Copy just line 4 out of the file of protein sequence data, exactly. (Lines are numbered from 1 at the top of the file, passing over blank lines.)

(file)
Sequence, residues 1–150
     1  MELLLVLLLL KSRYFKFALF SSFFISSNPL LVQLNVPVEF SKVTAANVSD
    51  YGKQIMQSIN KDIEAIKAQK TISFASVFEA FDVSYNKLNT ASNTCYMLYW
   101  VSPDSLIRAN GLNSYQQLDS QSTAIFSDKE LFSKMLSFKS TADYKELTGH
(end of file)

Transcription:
   101  VSPDSLIRAN GLNSYQQLDS QSTAIFSDKE LFSKMLSFKS TADYKELTGH